Henning said a voter I.D. requirement would potentially disenfranchise thousands of college students in a similar situation. "It will hit the campus hard," she said. "The voter drive on campus has been extremely successful. Our street canvas has brought in so many young people at concerts, movie theaters, everywhere and anywhere."
Joan Javier, of the New Voters Project, agreed with Henning, saying her organization registered over 14,000 student-aged, first time voters this year.
The Republicans complaint also states "plaintiffs are informed, are aware and are greatly concerned about the widespread prevalence of fraudulent registrations received by the Bernalillo County Clerk in anticipation of the Nov. 2, 2004 election."
The Democrats argued, in the end, that no evidence was submitted during two days of testimony to verify this claim. And at times, the partisan hostilities in the courtroom were palpable.
For example, when Rogers called Vigil-Giron to the stand, her testimony focused more on partisan campaign matters than clean elections. Rogers asked Vigil-Giron if she had given "large sums of money" to the John Kerry campaign, to which Vigil-Giron replied, "How do you define large?"
"Anything more than $3," answered Rogers. "And you're a Republican?" shot back Vigil-Giron, causing laughter in the courtroom. Vigil-Giron said she gave the Kerry campaign $500 this year.
In another exchange, Rogers asked, "Do you recall being called ’highly partisan' in the press?" To which Vigil-Giron replied, "Only by Republicans."
At the close of Friday's hearing, Rogers conceded that a small number of eligible voters would be wrongly turned away at the polls if the I.D. requirement was implemented, but said the number was negligible.
The Democratic Party attorneys argued for dismissal of the complaint on the counter-claim that no voter fraud or threat of voter fraud had been proven by the plaintiffs, and irregularities on voter registration cards submitted as evidence had been caught by the secretary of state's office.
The Democratic Party attorneys seemed to have effectively cast doubt over several examples of voter registration fraud cited by the plaintiffs.
For example, Rogers called Glenn Stout to testify, an APD officer who called the Albuquerque Journal several weeks ago after his 13-year-old son received a voter registration card in the mail. The Republican attorneys then added Stout to their plaintiff list after the media reported the incident.
In his sworn testimony, Stout said his son never filled out a voter registration form. When he checked the social security number on a police computer, it belonged to a 23-year-old man in Alamogordo, Stout said, adding that he was concerned that whoever filled out the form intended to vote fraudulently. Any act of voter fraud, including false registration, is a felony.
In cross-examination, attorney Jim Scarantino noted that the address on the 13-year-old boy's registration card was sent to a residence a block away, but still managed to arrive in Mr. Stout's mailbox. Scarantino then revealed a parent of a 15-year-old boy that lives across the street from Mr. Stout said her son also received a fake voter registration card in the mail.
When asked if the two boys played together, Mr. Stout said yes and then Scarantino said, "Isn't that an odd coincidence?," suggesting that the well-publicized story resulted from a teenage prank. Stout said his son would be in so much trouble if he had committed a prank that the threat alone would be enough of a deterrent.
Nonetheless, it was not clear how the voter registration came about and in the end Mr. Stout reported the problem to the County Clerk's office who removed the boy from the voting rolls. In an interview outside the courtroom, County Clerk Herrera said the boy's name and mismatched social security number would have been caught by the secretary of state's office, before final approval to vote was granted.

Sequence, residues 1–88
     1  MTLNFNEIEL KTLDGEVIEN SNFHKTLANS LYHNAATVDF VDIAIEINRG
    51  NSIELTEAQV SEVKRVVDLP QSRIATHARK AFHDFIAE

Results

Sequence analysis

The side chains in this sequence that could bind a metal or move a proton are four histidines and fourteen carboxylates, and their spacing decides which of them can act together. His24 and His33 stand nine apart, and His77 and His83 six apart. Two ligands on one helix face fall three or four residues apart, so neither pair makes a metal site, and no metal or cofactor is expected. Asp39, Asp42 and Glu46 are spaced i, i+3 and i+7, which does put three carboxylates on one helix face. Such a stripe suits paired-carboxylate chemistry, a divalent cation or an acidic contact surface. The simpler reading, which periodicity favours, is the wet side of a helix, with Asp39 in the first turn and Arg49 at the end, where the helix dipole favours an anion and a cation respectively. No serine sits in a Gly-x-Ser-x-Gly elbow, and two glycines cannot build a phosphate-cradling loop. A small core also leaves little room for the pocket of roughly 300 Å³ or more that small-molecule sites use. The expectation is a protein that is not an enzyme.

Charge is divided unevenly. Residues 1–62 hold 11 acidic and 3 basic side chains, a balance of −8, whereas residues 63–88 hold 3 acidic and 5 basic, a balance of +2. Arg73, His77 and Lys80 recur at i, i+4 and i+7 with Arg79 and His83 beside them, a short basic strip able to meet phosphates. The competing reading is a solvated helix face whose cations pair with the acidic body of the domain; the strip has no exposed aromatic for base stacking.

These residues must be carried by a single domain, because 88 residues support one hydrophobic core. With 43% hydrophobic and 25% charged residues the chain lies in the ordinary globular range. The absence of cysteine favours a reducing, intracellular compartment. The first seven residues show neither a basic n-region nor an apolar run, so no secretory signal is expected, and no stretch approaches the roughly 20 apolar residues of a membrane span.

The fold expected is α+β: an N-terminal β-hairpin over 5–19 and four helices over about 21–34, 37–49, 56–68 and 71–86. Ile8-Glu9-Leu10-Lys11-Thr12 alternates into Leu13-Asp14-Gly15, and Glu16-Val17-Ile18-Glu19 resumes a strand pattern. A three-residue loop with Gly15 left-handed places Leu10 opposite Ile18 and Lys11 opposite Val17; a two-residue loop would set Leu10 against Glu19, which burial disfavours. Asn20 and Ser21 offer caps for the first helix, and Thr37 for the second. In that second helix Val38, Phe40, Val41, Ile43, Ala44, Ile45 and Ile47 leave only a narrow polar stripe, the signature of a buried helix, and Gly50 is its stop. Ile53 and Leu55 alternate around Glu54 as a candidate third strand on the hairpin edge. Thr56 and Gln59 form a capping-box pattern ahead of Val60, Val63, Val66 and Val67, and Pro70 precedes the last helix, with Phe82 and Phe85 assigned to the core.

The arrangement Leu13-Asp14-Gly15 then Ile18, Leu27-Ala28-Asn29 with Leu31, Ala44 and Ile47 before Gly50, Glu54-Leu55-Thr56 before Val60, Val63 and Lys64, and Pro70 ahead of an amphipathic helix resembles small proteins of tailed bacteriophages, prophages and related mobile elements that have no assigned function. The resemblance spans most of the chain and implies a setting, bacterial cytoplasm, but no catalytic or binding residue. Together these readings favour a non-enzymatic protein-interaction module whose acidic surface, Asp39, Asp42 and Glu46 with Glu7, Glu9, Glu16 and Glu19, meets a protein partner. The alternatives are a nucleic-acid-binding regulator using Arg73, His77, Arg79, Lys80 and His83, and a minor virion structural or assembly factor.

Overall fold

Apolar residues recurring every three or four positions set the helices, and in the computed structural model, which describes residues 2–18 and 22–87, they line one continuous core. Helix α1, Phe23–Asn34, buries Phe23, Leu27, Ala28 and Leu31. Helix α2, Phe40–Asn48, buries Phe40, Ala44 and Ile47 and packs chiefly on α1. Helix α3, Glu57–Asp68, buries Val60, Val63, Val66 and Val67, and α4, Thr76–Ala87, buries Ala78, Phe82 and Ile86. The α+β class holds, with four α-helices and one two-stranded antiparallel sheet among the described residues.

Another example of fraud cited by the plaintiffs involved Karlee Hall, who recently moved to Albuquerque from Silver City so her husband could attend UNM. She registered once at a Northeast Heights Albertson's and again a few months later at Hastings on Wyoming after she hadn't received a voter registration card in the mail.
In her testimony, Hall said she knew nothing about the complaint until her two voter registration cards turned up on the evening news two weeks ago. When she called KRQE News 13 to inquire who was behind her 15-minutes of fame (friends had seen her name on the news), the station told her to talk to the Bernalillo County Clerk's office, she said. When she contacted the Clerk's office, she was told only one of her registration forms had been turned in. "Only the media had two of them," said Hall.
Patricia West, another woman whose two, separate voter registration forms were included as evidence of voter fraud on the complaint, had a similar story. She registered at Albertson's and several weeks later again at Hastings. West testified she only received one voter registration card in the mail and was content that she was only registered at the County Clerk's office once.
Interestingly, both West and Hall said they thought the folks signing them up at these retail locations were representatives of the County Clerk's office. And neither could recall what third party group signed them up.
Still, Republican state Rep. Joe Thompson, co-counsel for the plaintiffs with Rogers and attorney David Garcia, said he believes there are far too many duplicates—people registering as much as five and six times—that aren't getting caught by the County Clerk's office, although the Republicans did not produce much evidence.
"When you have overzealous people that are not vigilant about following the law, there is a chance mistakes will be made," said Thompson referring to get-out-the-vote groups operating across the state. "The law addressed that, it was passed by the democratic Legislature and signed by a Democratic governor, and the secretary of state is brazenly ignoring it."
In the end, though, Judge Thompson said the "possible extraordinary and substantial injury to the public" that could arise if the voting process was altered in the weeks before voting begins outweighed the arguments presented by the plaintiffs.
"New Mexico is a very diverse, unique mixture of citizens, all of whom have a right to vote," Thompson said at the close of the hearing.